Uyghur woman takes to social media to locate detained brother

No reason is known for the detention of the 23-year-old man held in a Chinese prison.
By Nuriman Abdureshid for RFA Uyghur
2023.10.06
Uyghur woman takes to social media to locate detained brother Quddusjan Abduweli in an undated photo.
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When Sahiba Sayramoghli, a Uyghur living in Turkey, learned that her younger brother had been arrested in July in the far-western Chinese region of Xinjiang on his way to a friend’s wedding, she took to social media for help.

Sayramoghli, 30, who learned about his arrest from her parents in Bortala, in Xinjiang, wanted to know why police had detained him along with three friends at a checkpoint and his status.

But this posed a major danger, however, in that she was putting Quddusjan Abduweli, her 23-year-old detained brother, as well as other relatives who lived in Xinjiang at risk for retribution by Chinese authorities by making his arrest public. 

Nevertheless, Sayramoghli posted a message on Twitter in late August about her brother’s detention.

When Radio Free Asia saw the post and contacted her, she said her family was facing pressure from the Chinese government, with police threatening not to disclose information about Abduweli.

But after agreeing to a second interview with Radio Free Asia, Sayramoghli said her brother was detained without legal justification and had been transferred to Qumul Prison, though his relatives had no news of him since then. 

RFA called all police stations in Qumul, or Hami in Chinese, to try to find out more information about Abduweli, but no one answered.

‘Well-behaved, cautious young man’

Abduweli graduated from Qaramay Technical University with a degree in petrochemistry in June. During his fourth year at the university, he went to Qumul for mandatory training, working diligently at a transportation company for about six months, Sayramaogli said.

Sayramoghli says she wants to know the reason for her brother’s detention and why he has not yet been released and the real reason for his detention.

“I have complete faith that my brother is incapable of any wrongdoing,” she said. “He’s a well-behaved, cautious young man who chooses his words carefully.”

Sayramoghli said she was always protective of Abduweli, shielding him from parental scoldings whenever he returned home late from playing soccer, didn’t finish his homework or struggled with exams. He was always well-regarded by his teachers in school, she said.

Abduweli had informed his sister that he would attend a friend’s wedding ceremony in Ghulja, known as Yining in Chinese, on July 10. When she called him two days later, he was on his way to the event and said he would return home the same day.

But police arrested him and three others at a checkpoint, though the reason remains unknown.

Three days later, Qumul police transferred Abduweli to Qumul District Prison. His family knows nothing about his current whereabouts or his condition, Sayramoghli said.

“My parents waited for his return until midnight, but he never came back or answered their calls,” she told RFA. 

When they contacted the parents of his detained friends, they were informed that two had been released, but that authorities kept Abduweli and a friend named Intizar in custody. After three days, police transferred Abduwweli to Qumul for further investigation.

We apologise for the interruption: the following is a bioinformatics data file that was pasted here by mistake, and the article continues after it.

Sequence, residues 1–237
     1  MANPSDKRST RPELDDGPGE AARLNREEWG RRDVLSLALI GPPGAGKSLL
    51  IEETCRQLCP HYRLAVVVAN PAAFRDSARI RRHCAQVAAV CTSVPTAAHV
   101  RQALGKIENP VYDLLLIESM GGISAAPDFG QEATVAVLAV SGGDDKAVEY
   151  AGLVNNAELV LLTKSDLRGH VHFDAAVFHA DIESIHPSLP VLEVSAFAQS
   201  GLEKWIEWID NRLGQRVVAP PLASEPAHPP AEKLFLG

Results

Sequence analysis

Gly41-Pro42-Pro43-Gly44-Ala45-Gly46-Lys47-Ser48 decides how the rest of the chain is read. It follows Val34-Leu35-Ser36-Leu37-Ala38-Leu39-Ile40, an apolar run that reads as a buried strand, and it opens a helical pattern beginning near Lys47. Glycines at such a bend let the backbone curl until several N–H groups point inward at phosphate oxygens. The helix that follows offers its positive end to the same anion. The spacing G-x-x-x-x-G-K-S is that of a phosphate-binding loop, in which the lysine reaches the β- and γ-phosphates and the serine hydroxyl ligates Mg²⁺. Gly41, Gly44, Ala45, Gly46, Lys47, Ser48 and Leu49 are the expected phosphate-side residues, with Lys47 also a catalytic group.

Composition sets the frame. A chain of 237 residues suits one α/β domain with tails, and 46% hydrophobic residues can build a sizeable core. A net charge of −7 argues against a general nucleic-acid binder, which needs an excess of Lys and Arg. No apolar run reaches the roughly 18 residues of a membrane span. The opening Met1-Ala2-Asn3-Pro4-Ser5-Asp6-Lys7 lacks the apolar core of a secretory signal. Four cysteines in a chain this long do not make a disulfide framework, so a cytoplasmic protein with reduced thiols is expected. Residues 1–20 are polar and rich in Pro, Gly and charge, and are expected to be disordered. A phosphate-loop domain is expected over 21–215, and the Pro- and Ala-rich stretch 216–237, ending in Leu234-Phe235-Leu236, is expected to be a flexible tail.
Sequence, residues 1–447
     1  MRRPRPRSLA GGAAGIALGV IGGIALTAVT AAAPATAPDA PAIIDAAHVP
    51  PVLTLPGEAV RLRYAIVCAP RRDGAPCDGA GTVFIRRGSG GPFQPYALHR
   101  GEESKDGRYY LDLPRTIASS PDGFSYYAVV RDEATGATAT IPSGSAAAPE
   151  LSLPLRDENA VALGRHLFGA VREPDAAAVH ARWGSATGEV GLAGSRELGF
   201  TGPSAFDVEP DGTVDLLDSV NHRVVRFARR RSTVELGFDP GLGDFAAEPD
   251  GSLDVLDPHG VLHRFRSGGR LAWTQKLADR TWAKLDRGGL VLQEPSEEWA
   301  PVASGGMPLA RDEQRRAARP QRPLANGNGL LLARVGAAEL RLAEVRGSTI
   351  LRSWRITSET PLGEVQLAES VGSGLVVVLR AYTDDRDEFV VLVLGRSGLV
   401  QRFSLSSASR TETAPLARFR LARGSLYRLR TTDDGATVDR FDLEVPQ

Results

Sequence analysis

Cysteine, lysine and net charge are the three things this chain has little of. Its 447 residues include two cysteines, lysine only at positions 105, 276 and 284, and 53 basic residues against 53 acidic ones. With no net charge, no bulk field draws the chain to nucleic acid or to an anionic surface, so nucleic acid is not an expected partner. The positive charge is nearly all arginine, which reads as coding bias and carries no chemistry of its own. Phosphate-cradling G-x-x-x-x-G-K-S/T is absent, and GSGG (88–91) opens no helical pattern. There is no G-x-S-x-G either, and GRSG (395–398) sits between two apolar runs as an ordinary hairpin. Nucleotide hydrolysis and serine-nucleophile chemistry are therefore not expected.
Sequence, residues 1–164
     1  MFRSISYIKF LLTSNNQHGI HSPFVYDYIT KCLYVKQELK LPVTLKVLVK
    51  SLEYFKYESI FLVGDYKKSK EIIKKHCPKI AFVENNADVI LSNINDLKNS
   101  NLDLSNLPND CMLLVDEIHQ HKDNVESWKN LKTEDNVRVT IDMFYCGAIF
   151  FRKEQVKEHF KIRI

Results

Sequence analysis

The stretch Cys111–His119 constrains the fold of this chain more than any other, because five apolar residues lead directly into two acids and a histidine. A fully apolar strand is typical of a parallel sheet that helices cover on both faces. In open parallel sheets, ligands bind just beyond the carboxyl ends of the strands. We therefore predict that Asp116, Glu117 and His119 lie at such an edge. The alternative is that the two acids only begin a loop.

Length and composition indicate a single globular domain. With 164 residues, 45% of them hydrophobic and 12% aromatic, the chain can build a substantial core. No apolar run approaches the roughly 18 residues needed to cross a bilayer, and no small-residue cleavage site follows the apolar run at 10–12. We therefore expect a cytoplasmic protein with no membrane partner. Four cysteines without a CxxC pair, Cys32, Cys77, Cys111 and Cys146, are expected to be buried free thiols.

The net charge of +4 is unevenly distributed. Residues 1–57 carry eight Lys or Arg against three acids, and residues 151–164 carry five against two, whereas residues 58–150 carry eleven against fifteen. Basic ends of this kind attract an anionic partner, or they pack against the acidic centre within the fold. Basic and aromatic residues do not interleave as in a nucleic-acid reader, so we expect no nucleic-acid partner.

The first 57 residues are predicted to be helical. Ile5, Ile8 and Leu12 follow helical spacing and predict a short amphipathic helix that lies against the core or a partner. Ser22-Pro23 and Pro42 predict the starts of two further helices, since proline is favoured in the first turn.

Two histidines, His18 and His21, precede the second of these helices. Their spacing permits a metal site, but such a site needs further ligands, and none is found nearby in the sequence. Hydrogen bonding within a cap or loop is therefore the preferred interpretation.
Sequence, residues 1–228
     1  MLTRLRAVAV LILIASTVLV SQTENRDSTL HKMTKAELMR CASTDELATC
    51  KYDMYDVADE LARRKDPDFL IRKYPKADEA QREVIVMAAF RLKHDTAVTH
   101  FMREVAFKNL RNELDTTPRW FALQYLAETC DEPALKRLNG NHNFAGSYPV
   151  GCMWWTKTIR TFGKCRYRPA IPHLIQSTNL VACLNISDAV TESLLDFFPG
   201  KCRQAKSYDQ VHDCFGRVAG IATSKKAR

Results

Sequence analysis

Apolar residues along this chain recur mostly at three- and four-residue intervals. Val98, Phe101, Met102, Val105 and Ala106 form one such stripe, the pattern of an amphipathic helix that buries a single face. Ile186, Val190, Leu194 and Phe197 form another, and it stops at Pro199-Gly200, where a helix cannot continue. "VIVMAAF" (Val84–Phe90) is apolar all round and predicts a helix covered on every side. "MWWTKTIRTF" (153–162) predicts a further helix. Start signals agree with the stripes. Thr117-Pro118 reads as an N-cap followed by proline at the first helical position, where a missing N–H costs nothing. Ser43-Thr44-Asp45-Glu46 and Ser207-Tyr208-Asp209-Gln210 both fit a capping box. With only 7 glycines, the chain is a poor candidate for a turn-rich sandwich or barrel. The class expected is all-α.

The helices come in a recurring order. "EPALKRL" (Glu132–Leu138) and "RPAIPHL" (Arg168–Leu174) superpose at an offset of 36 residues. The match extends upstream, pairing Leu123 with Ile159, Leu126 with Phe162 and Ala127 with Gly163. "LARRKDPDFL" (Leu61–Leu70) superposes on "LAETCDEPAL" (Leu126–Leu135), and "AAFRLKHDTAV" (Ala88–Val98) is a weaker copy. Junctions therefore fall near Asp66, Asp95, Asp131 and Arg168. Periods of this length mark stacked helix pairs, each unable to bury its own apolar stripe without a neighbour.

‘No choice but to post’

Sayramoghli said her parents had at first not been truthful with her, saying her brother had gone to the mountains for some business, and asked her not to post anything about him on social media. When she told them he was not responding to her messages, they claimed his phone was broken.

Sayramoghli contacted the Chinese Embassy in Ankara, Turkey, gave them Abduweli's name and national ID card number, and asked that they find out what had happened to him. She was told to wait about a month.

With no more information coming from the Chinese Embassy, she called again, and was told: “‘Not giving you an answer is already an answer.’” 

After that, “I had no choice but to start posting on Twitter,” she said.

But once she did, police visited the home of her husband’s family in Bortala and threatened to arrest Sayramoghli’s father. 

“I was on the phone with my dad while this was happening,” she told RFA. “They pressured me, insisting that I should stop posting on social media. If I didn’t comply, they threatened to arrest my parents and cut off communication from WeChat.”

One of her husband’s friends who works at a security bureau contacted them even though he previously ignored their three attempts to speak with him. 

“He spoke to us in a threatening manner and told me to delete my posts,” Sayramoghli said. “He claimed that it wouldn’t be good for our parents if I didn’t comply. He also promised to provide news about my brother if I deleted the posts and assured me he would assist me to the best of his abilities.”

Her parents then said they had found out that Abduweli’s case involves 50-60 people, and the investigation is ongoing. Authorities “made it clear that they wouldn’t provide any information until the case was resolved, and they advised us to be prepared for potentially bad news,” Sayramoghli said 

She called on the Chinese government to immediately release her brother.

“Even if it costs me my life, I will not waver in my belief in his innocence,” she said. “I will not abandon him in those dark cells, and for as long as I am alive, I will continue to speak out until my brother is reunited with us.”

Translated by RFA Uyghur. Edited by Roseanne Gerin and Malcolm Foster.

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